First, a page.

Last year, Vanderbilt became the first team ever with 15 losses to receive an at-large bid. The Commodores had 6 “Tier 2” losses (50-100 last year) but had the top-ranked non-conference and overall strength of schedule. Will Alabama follow a similar path this season? The Tide enter tournament play with a 17-14 record and 6 Tier 2 losses. Alabama has been home court heroes this year with a 12-5 record and wins over Auburn, Tennessee, Rhode Island, and Texas A&M. On the flip side, they suffered road losses at Vanderbilt (RPI 116) and Ole Miss (RPI 125). It will be interesting to see how the Committee handles Bama’s loss to Minnesota. In that game the bench cleared in a scuffle and all but 4 Bama players were ejected and one was later injured. However, Alabama staged a nearly-miraculous comeback with only 3 players. The Tide trailed by 14 with 10 minutes to play and trimmed the lead to 3 in the closing minutes, only to lose by 5. Will the Committee discount this loss because it occurred with the Tide playing nearly 2 men down for the last 10 minutes? No team has ever received an at-large bid while being fewer than 4 games over .500, but Alabama did play a difficult non-conference schedule.
Baylor enters Conference Tournament play with a 17-13 record and may also test that “4 games over .500” trend of the Committee. The Bears have also been home court heroes with just a 2-9 record away from Waco. They did score solid victories over Kansas and Texas Tech and have only 1 loss to a team outside the Tournament conversation. Predictive metrics love Baylor by a 20-spot margin over the results-based metrics. Baylor’s good wins and lack of a loss in Tier 3 or 4 are keeping their bubble hopes alive despite marginal computer numbers.
Kansas St completed a season-sweep of Baylor over the weekend. An atrocious non-conference schedule could spell doom for the Wildcats whose resume only has 1 Top 30 win (over TCU). What Kansas State has going for them is that they have beaten the teams they should beat and have not lost a game outside the Top 70. Will a handful of wins against the middle of the Big XII pack be enough to overcome their awful non-conference slate in the eyes of the Committee?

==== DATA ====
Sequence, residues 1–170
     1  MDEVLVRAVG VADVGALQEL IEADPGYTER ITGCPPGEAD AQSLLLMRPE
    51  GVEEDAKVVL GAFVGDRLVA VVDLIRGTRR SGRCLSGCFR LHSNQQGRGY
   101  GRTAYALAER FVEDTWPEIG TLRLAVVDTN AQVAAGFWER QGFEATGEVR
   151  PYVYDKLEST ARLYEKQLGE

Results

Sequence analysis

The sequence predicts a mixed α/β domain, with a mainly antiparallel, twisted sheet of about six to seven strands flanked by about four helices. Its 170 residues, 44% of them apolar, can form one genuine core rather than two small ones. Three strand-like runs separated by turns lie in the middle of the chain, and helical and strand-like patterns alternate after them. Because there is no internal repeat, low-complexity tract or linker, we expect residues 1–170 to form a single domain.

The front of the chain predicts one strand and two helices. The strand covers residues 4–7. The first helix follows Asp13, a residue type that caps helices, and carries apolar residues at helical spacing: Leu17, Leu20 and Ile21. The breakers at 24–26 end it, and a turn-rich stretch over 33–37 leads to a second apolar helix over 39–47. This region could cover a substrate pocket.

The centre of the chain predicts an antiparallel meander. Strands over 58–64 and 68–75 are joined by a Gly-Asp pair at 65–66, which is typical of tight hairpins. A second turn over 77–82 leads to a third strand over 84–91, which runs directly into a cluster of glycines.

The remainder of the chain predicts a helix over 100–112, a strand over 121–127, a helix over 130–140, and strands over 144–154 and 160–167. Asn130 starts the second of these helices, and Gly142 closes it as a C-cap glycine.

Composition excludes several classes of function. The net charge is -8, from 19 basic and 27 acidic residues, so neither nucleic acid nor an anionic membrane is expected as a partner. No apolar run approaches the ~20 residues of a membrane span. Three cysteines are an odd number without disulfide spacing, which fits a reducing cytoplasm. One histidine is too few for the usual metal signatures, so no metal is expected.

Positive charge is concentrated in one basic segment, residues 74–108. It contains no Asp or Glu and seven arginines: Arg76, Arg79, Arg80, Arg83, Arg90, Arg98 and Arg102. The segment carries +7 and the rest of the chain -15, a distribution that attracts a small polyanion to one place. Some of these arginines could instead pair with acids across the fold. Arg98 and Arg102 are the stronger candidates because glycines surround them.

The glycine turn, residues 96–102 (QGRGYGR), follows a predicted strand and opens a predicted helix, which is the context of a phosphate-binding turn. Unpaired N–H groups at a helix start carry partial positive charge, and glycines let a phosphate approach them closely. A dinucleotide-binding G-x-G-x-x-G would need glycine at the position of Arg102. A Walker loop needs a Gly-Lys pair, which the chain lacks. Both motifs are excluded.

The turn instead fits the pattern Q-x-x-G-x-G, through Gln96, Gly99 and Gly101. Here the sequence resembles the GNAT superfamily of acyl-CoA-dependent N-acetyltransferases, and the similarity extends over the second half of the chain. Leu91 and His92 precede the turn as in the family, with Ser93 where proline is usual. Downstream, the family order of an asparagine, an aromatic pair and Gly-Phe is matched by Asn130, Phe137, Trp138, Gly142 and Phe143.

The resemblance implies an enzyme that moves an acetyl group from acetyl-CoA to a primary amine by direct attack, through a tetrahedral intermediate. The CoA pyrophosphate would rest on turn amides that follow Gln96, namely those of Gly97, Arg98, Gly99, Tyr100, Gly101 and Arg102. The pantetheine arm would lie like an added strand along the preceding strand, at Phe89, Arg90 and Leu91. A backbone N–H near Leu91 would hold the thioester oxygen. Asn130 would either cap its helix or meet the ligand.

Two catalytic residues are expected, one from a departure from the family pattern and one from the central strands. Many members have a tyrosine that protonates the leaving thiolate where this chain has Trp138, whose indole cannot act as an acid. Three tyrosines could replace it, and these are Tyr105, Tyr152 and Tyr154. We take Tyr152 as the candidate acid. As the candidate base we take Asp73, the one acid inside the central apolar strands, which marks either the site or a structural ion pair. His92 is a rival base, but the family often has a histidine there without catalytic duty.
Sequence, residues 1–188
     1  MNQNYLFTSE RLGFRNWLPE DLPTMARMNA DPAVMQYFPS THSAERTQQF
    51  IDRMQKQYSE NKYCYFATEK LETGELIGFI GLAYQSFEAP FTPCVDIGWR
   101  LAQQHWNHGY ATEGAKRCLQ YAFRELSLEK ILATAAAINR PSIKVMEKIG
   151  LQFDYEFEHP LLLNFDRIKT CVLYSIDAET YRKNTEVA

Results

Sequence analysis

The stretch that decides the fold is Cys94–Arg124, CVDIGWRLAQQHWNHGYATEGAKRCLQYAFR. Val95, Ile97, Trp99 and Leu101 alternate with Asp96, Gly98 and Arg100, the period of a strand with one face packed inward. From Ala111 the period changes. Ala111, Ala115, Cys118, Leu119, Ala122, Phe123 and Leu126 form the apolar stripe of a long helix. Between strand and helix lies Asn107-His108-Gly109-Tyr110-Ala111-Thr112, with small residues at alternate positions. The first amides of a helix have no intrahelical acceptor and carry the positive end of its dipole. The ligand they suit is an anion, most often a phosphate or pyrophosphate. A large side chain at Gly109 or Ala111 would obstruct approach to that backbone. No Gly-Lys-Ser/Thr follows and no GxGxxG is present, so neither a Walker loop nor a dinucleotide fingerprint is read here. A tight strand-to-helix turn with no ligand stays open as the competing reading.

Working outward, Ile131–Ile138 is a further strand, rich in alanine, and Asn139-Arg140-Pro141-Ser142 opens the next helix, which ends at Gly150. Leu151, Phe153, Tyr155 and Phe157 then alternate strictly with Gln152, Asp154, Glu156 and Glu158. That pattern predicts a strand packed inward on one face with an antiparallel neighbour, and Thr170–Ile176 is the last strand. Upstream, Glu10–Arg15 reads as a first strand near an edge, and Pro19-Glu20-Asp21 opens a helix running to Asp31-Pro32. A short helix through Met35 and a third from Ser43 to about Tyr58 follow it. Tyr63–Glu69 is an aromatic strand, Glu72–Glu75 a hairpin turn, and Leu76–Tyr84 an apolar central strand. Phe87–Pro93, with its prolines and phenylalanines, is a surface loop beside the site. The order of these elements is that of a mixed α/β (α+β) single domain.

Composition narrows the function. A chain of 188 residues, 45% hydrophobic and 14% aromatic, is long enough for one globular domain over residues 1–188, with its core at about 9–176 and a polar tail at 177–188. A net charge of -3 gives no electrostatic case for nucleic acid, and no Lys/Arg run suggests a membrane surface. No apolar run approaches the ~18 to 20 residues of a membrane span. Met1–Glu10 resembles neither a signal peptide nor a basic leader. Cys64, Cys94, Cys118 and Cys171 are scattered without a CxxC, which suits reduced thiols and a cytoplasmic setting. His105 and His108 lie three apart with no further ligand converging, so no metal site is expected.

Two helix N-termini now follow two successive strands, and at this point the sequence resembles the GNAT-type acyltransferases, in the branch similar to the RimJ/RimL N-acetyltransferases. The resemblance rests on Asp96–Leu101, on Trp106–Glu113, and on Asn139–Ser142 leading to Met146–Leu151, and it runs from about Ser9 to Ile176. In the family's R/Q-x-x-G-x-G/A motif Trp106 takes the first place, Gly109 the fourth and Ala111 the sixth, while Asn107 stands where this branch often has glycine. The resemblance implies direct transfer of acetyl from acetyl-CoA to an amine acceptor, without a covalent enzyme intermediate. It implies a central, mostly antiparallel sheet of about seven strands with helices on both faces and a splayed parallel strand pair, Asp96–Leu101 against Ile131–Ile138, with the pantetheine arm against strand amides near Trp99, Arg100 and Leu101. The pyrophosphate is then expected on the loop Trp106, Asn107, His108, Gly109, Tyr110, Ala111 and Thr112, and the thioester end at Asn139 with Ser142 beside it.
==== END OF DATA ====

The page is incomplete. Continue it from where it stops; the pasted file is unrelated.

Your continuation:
The Huskies have two great wins at the top of their resume, but have suffered a number of curious defeats in the middle. They beat Kansas and Arizona, but were also swept by Utah, Oregon, and Stanford and lost at Oregon State. Washington did play a solid non-conference schedule and really only has 1 bad loss on their resume. The biggest red flag is their computer numbers, particularly the predictive metrics which have them no where close to being an NCAA Tournament-caliber team. The 40-spot disparity between their results-based metrics and predictive metrics results in an overall average number (82.17) that is dramatically lower than the rest of the bubble teams who are generally in the 40s or 50s.
The Cornhuskers went one-and-done in the Big Ten Tournament in New York last week which likely spelled the end for their NCAA Tournament hopes. They have only one bad loss (at Illinois) but also only 1 win against a Tier 1 opponent (at home over Michigan). They did not beat a Top 100 team away from home. In a down year for the Big Ten, the Huskers played a bad non-conference schedule and just don’t have enough good wins to be in the conversation.
Mississippi St quietly had a good season in the SEC. The Bulldogs did not lose a game to a Tier 3 or Tier 4 opponent and scored victories over Texas A&M and Arkansas. On the whole this is a profile relatively light on good wins but their lack of bad losses keeps them hovering around the bubble. If the Bulldogs are able to put together some victories in St. Louis they could see their profile take a dramatic rise over the next week. Mississippi State played an atrocious non-conference schedule, which could be the kiss of death for a potential bubble team.
Notre Dame & Oregon